Now if we can strap 4 wheels on it, we’ll have something less efficient the than Volt...
I joke... cool news.
Only took 60 years to reach this “milestone.”
World wide, I’ll guess that commercial fusion R&D has passed $100 billion, adjusted for inflation.
Perhaps the laser research and magnetic confinement technology will pay off at some point.
But in terms of energy output, I think we might have been in much better shape if we had invested that money in photo voltaic and hydrogen technology instead.
“Omar Hurricane “?? Are Buck Rogers and Dr Zarkoff working there too? And where is Ming the Merciless?
Don’t be silly. Those three are working at Sandia National Laboratory. Omar works with Tony Stark and Bruce Banner.
“But in terms of energy output, I think we might have been in much better shape if we had invested that money in photo voltaic and hydrogen technology instead.”
Not at all in the long run. Economically practical fusion reactors, whether hot or cold fusion, have the capability of making a greater difference in human technologies and adaptation for survival than the discovery of fire. The economic and practical application of fusion energy production makes possible the desalination and purification of water, virtually perpetual electrical power in abundance, the recycling of garbage by breaking it down to the fundamental elements, revolutionizing the chemical industries, and so much more. No hydrogen powered battery can remotely compare in its beneficial applications. It is just going to require extraordinary innovation, time, nad money to discover how to achieve what is certainly available to the people persistent and innovative enough to discover it.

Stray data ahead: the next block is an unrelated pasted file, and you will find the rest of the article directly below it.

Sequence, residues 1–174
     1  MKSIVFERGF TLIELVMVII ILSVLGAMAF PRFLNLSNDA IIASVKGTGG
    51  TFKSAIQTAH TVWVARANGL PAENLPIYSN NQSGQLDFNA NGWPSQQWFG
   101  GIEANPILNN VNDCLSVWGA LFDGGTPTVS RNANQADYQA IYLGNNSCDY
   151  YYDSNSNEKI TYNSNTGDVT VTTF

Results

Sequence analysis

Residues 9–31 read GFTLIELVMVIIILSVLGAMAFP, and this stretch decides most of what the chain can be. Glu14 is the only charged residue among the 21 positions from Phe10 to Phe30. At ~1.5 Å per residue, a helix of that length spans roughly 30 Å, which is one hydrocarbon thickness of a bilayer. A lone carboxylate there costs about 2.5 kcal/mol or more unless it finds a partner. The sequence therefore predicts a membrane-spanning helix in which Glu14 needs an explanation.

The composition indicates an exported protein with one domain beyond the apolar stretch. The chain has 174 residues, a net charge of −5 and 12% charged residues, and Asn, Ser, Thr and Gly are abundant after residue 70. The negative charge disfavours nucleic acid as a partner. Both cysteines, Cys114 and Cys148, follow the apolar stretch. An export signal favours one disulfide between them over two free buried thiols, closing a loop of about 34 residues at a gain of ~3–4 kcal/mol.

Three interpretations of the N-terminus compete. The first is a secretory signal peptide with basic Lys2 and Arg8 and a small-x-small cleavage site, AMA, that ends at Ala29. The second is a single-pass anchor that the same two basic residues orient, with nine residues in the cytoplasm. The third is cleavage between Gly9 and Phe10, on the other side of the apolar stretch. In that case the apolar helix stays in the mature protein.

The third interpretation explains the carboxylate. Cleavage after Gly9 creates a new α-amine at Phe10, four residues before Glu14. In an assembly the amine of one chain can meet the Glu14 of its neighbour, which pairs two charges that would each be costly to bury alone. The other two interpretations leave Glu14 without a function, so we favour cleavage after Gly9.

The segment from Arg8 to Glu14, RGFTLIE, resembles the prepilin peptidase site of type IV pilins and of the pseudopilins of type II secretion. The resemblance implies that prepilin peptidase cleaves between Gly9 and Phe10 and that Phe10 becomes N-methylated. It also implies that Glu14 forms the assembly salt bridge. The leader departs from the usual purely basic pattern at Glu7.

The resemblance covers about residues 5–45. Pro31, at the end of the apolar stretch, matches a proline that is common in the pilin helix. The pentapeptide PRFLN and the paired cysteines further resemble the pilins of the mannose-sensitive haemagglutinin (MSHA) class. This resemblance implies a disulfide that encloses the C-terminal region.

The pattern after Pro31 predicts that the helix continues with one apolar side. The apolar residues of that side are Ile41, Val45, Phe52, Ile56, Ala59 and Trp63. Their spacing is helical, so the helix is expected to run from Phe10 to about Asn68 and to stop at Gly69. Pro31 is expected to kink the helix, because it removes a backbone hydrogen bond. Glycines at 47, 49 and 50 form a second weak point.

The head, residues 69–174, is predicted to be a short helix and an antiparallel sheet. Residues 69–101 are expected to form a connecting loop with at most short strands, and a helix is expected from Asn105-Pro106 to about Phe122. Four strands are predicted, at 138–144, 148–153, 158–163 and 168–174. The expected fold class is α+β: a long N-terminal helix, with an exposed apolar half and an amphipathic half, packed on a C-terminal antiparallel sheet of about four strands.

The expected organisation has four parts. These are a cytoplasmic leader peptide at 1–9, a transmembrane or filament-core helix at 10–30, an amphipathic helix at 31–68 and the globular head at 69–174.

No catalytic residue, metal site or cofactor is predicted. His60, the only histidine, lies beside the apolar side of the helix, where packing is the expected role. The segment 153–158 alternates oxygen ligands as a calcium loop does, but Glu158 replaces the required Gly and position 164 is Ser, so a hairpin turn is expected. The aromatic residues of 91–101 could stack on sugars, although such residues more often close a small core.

If its on National Public Radio they must be hoping for a way to heavily regulate it.
I am not impressed.
I you heat something hot enough you get fusion, but it took more energy than it produced.
Back in the days of Fusion Magazine, the Russians were in a leadership role in fusion research. I wonder if they have any current resources engaged in the fusion effort. I would guess all the old researchers are dead and gone
Actually they didn’t but they took a step in the right direction.
All I had to do was hit it with this flamethrower and...
His brother, Rock You Like A Hurricane, has had more success in the field of weather control at DARPA
Yup, that’s my concern. I’m just not sure we can achieve fusion without the hundreds of billions or trillions of tons of raw materials that stars use.
Fusion, so easy a red dwarf can do it.
Perhaps it’s “look, we NEED to show some results or the money train is over”
But, if true, Cool.
FYI, a much larger facility for fusion research is being built in France, which the US is also contributing to.
One of these days I think we are all of us going to see a huge wall of combustion stretching across the entire horizon heading towards towards us. Just before I’m consumed I hope I have the time to think “Hey, somebody got something to work really well this time...”
No, Breeder reactors would be the preferred transition to await fusion power.
Disclaimer: Opinions posted on Free Republic are those of the individual posters and do not necessarily represent the opinion of Free Republic or its management. All materials posted herein are protected by copyright law and the exemption for fair use of copyrighted works.